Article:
Want to Improve Your Service? Change Your Leader

August 1, 2010 by Ken Nowack

”There are no traffic jams along the extra mile.”

Roger Staubach

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The Leadership-Employee Engagement Connection

I’m not sure that it’s any great secret that leaders influence the level of commitment and engagementof their talent.  Nobody likes working for competent jerks–even if they accomplish a lot1.

Our own published research has explored a reliable inventory of leadership practices in all of our employee engagement/satisfaction surveys that enables us to see how talent reacts to leaders who are effective versus ineffective.  What we have seen is that talent working for “competent jerks” are significantly more likely to report the following:2.

  • Increase work stress
  • Decreased job satisfaction
  • Increased likelihood of leaving the company in the next 12 months

Bosses can also affect your health.  Bad bosses can significantly raise your blood pressureand directly increase your risk of a fatal cardiac event3.  Poor leadership behavior can also be an independent contributor to absenteeism.  In a recent prospective study of 506 males and 3,570 females, employees were absent 1.2 to 1.9 times more frequently when they worked for bosses who they perceived to be unfair, difficult and insensitive, after controlling for other factors4.

Bad leaders are one of the leading contributors to poor morale and disengagement.  Just ask just about any employee who voluntarily has left your organization in the last 12 months.

The Employee Engagement-Customer Service Connection

A recent meta-analysis by Brown & Lam (2008) investigated the link between employee engagement and customer service.  They found convincing evidence that talent who are unhappy create customers who are unhappy5.

This meta-analysis was an important one because it focuses on understanding when employee satisfaction is most likely to lead to negative customer satisfaction.  Two different jobs were analyzed–those in which a service is directly provided to another person (e.g., getting answers on the phone to a problem with a bill) and those in which service is performed on things (e.g., bringing your car in for a service problem).  Interestingly, the relationship between employee satisfaction and customer satisfaction did not differ for these types of businesses.

One important implication for these findings is that when companies try to make organizational changes that are unpopular (changes in schedules, cutting backs on perks) it might negatively influence employee feelings that directly impact the customer experience.  Fostering employee satisfaction in jobs that involve personal services would seem to be the most critical–particularly in jobs where customers are likely to see and experience different service providers (e.g., getting cut off on an initial call to a help center and then getting another customer service agent).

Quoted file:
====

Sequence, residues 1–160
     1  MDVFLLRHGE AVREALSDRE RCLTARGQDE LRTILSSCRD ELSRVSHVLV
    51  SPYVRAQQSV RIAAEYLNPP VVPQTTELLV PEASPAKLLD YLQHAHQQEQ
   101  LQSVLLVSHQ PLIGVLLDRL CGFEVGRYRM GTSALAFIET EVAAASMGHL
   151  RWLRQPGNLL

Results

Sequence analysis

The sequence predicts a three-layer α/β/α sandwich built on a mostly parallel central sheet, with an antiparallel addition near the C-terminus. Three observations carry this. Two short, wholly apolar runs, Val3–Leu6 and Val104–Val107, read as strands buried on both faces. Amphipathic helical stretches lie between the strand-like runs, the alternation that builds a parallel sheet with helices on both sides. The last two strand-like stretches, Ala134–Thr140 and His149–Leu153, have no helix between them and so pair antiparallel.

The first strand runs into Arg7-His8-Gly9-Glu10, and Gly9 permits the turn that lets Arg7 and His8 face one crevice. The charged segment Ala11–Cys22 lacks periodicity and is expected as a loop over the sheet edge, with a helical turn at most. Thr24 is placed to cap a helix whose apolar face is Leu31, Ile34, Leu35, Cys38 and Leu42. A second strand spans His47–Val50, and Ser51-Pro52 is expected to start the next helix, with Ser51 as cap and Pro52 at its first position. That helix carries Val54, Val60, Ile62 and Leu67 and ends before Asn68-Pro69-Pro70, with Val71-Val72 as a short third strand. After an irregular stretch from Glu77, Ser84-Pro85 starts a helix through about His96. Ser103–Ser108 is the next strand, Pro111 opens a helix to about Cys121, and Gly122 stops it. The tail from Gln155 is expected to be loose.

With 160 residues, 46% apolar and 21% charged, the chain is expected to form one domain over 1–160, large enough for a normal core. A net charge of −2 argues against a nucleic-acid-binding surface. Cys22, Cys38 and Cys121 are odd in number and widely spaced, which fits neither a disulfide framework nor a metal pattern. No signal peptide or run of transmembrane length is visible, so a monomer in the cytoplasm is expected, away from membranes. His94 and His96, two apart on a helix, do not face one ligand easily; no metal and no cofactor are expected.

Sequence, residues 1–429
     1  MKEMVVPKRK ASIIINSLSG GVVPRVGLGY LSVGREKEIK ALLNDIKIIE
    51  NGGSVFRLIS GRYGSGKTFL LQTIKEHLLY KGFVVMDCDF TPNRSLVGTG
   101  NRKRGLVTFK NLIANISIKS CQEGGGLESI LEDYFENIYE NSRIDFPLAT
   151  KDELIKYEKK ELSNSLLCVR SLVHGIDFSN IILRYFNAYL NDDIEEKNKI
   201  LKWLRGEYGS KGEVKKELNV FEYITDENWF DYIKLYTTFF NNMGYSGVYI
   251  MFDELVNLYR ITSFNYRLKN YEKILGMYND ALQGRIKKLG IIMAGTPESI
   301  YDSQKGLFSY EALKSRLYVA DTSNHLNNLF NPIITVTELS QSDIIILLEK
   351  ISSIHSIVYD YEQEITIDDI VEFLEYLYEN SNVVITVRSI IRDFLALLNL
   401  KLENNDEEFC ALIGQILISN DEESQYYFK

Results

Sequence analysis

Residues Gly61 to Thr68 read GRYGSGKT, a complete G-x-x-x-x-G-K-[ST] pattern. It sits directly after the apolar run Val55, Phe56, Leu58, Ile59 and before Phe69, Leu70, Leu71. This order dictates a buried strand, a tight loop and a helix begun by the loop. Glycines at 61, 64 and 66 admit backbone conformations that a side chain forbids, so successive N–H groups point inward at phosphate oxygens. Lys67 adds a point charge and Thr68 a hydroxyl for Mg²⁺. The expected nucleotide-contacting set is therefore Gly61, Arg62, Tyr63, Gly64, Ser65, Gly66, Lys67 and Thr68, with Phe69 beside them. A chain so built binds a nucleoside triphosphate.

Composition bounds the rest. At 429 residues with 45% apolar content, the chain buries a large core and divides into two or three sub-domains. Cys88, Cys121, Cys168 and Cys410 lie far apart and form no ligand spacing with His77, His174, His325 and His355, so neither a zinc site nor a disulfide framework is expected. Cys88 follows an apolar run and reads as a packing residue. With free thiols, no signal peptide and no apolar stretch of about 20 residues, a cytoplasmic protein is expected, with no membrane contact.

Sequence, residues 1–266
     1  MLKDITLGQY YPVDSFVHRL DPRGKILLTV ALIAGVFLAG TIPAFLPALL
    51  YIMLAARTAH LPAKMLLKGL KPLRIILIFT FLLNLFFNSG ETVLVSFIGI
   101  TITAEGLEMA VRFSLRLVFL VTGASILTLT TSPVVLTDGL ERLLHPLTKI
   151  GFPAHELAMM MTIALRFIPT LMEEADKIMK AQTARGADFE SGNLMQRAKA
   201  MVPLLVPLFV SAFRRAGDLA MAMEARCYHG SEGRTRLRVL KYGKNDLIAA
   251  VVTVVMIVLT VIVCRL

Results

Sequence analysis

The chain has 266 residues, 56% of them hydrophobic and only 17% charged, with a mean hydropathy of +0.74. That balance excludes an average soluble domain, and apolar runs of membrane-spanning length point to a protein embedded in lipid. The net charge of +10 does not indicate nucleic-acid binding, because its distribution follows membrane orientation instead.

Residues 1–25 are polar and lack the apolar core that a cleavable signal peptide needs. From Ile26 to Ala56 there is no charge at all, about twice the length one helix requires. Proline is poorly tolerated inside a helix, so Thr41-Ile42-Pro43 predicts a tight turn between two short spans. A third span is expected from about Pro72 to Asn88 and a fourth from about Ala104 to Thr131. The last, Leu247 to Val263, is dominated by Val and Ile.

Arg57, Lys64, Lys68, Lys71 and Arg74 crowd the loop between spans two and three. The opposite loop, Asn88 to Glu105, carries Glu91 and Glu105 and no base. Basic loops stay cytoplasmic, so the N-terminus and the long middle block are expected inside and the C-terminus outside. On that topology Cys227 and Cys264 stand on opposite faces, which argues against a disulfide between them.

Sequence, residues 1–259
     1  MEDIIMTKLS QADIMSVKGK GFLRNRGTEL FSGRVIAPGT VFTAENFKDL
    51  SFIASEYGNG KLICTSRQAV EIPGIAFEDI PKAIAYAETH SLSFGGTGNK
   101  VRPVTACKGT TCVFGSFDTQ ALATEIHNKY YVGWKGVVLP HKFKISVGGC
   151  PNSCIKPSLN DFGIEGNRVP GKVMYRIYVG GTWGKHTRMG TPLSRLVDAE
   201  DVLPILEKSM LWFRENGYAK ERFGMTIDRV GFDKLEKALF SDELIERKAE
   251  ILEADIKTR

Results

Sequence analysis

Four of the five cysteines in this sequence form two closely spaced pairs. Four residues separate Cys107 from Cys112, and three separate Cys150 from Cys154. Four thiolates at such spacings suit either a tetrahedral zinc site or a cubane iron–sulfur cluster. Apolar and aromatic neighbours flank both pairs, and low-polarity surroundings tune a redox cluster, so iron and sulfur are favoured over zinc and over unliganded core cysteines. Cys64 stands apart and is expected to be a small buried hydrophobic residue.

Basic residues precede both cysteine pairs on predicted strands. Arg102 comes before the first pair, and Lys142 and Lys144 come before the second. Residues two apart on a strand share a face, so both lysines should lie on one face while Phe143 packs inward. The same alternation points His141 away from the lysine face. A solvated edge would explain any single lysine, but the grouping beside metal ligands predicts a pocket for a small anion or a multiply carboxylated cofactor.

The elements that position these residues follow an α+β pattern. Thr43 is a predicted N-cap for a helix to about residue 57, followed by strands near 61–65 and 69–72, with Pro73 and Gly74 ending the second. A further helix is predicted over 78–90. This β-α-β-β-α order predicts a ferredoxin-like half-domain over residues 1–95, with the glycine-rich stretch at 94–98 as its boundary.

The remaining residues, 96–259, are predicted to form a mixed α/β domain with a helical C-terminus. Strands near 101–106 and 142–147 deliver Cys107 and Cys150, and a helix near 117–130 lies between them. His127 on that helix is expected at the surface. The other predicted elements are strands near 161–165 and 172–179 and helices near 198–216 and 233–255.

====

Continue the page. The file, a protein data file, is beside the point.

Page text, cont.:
Taken together, this latest meta-analytic study confirms what we intuitively know:  When employees are satisfied, they are more likely to provide better service.  Period.

For companies that can analyze their employee engagement/satisfaction surveys, analyze the direct line of sight between the leaders who are the “competent jerks” and satisfaction levels of the customers served under those leaders.

When you do find that link and can identify the “competent jerks” it might be worth “voting them off the island.”  I bet your internal customers will applaud and your external customers will keep coming back.

As the old saying goes, “washrooms will always tell you if your employees care about delivering customer service”….Be well….

  1. Casciaro & Lobo (2005). Competent Jerks, Lovable Fools and the Formation of Social Networks. Harvard Business Review, 82, 92-100 []
  2. Nowack, K. (2006). Emotional Intelligence: Leadership Makes a Difference. HR Trends. 17, 40-42 []
  3. Wagner, N., Feldman, G. & Hussy, T. (2003).  The effect of ambulatory blood pressure of working under favourably and unfavourably perceived supervisors.  Occupational Environmental Medicine, 60, 468-474 []
  4. Elovainio, M. et al., 2002. OrganizationalJustice: Evidence of a New PsychosocialPredictor of Health American Journal of Public Health, 92, 105-108 []
  5. Brown, S. P., & Lam, S. K. (2008). A meta-analysis of relationships linking employee satisfaction to customer responses. Journal of Retailing, 84, 243–255 []

Kenneth Nowack, Ph.D. is a licensed psychologist (PSY13758) and President & Chief Research Officer/Co-Founder of Envisia Learning, is a member of the Consortium for Research on Emotional Intelligence in Organizations. Ken also serves as the Associate Editor of Consulting Psychology Journal: Practice and Research. His recent book Clueless: Coaching People Who Just Don’t Get It is available for free for a limited time by signing up for free blog updates (Learn more at our website)

Posted in Engagement, Relate, Selection

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  • Very true. Incompetent jerks are also hard to work for, as are incompetent sweetie pies. Basically, we all do our best work for competent people who are also fabulous human beings. Given the shortage of people like that in leadership roles I’m thinking either there aren’t very many of them or the system weeds them out early. A possible factor is competitiveness: http://ls-workgirl.blogspot.com/2010/06/are-high-performers-worst-managers.html

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